My first position as an emergency room nurse was in a new facility just outside the city limits. Because we were nestled in cornfields on three sides, field mice would often find their way through the emergency entrance in the winter. Rarely making an appearance when things were hoppin’, given a quiet night when all the emergency staff were restlessly anticipating the next disaster, the sneaky varmints would almost always show up as if to say, “Tada! Na-na na-na na na!”
In a desperate need to keep our minds occupied, one very quiet night we decided to sit at the nurses’ station with toilet plungers in hand, waiting for an unsuspecting mouse to wander in. The plan was that at the first sight of our prey, we would charge with our “weapons” in an attempt to capture the nasty villain!
Although we were quite satisfied that we caught the stinkin’ invader, we remained unsettled with no “real work” to do. So… we laid our distressed “patient” on the trauma cart, placed an electrode in the middle of his tiny chest, hooked him up to the heart monitor and alerted the night supervisor, “We have a Code blue going in E.R. and need some help!” We waited quietly behind the closed trauma room doors. Pitter-patter, pitter-patter… we could hear her hustling into the emergency department. “Thunk!” She’d smacked the automatic opener causing the trauma room doors to swing wide. There we stood, her “professional” E.R. night crew, hovered over the gurney of our trauma victim whose heart monitor was straight-lining, “beeeeeeep!” Interrupting her intense focus on our deceased patient, I announced, “Sorry we troubled you. We lost him!”
Thank God the one who was in charge knew our hearts! She knew that the stress we worked under daily played its toll and that our harmless fun was a way of trying to deal with the impact of our role. She knew that when necessary, we meant business and that there were few E.R. teams that could collaborate like ours. She wasn’t perfect and neither were we, yet we could talk openly about our weaknesses and knew that we’d be there to support and encourage one another regardless. I’ll never forget the healthy working relationship we had.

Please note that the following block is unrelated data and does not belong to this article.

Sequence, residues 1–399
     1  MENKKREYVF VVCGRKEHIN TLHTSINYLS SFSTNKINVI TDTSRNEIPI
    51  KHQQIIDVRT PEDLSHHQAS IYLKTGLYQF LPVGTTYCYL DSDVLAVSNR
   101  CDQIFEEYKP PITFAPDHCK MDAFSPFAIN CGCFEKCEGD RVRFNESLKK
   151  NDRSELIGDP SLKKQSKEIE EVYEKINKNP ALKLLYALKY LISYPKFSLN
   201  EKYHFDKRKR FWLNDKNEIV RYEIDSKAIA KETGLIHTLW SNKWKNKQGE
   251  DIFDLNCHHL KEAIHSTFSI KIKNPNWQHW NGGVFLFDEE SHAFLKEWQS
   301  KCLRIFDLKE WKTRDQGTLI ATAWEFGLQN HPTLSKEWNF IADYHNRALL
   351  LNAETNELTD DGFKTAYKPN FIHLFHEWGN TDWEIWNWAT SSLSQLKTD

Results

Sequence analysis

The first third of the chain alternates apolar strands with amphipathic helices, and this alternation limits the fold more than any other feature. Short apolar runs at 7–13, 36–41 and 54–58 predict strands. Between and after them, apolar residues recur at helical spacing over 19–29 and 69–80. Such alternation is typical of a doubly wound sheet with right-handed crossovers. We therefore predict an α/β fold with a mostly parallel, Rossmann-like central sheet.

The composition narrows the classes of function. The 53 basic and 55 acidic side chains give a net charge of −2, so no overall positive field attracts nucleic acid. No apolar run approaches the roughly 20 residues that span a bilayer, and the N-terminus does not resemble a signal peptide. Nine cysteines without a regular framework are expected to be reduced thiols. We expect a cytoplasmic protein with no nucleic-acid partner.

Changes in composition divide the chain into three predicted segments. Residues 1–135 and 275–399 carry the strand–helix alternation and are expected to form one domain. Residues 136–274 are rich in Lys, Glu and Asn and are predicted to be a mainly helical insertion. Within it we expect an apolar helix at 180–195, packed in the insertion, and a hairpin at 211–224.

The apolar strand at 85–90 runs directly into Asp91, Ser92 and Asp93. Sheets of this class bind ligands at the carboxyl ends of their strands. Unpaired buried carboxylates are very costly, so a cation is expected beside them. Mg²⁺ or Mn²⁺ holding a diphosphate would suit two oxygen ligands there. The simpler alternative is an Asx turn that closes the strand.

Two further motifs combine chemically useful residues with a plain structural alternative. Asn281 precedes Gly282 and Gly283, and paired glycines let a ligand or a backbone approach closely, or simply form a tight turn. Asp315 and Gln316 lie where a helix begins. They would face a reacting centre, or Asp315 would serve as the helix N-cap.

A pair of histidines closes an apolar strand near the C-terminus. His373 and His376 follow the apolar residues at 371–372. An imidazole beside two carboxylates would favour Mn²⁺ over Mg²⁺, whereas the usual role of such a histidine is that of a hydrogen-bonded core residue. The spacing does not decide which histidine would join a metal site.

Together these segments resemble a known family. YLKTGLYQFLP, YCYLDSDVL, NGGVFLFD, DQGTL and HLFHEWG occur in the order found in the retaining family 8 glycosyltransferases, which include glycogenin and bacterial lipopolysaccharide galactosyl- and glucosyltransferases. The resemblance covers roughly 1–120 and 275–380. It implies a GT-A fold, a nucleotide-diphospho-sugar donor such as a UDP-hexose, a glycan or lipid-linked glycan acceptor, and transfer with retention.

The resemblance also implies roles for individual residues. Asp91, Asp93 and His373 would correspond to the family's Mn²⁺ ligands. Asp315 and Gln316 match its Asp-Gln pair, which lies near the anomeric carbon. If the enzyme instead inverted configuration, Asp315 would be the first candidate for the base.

Surely relationships in Jesus should be such an example of vitality! Yet, often they aren’t. Instead, when we take the risk to develop relationships with our brothers and sisters in the Lord, we often end up feeling like that mouse must have felt:
When I observe interactions among Christinas,
I most often see a tremendous fear of intimacy.
Oh, we can comfortably talk about the weather,
farming, our grandkids, sports, and this week’s sermon,
but God forbid if we should take our relationships much deeper than that!
Why is this? What are we so afraid of? Why can’t we:
We’re all in the same stressful world that takes its toll and often respond in ways that may seem foreign to others. We are all a bit afraid of the unknown and are trying to get through the trials we face in the best way that we know how. And… we all long for others to come along side of us and love us for who we truly are, sick sense of humor and all. Yet, I’m baffled by how very few of us truly know one another’s hearts. Why do we find intimacy, something very natural and necessary for the Kingdom of God, so difficult? Weren’t we created for intimacy? Can there be a Kingdom without it?
P.S. Please feel free to contact me with questions, thoughts, topics you’d like to ponder or to read past articles at: http://whole-heartedlife.blogspot.com/. You may also contact me at:
In Search of the Whole-Hearted Life
505 Jefferson St.
Diagonal, IA 50845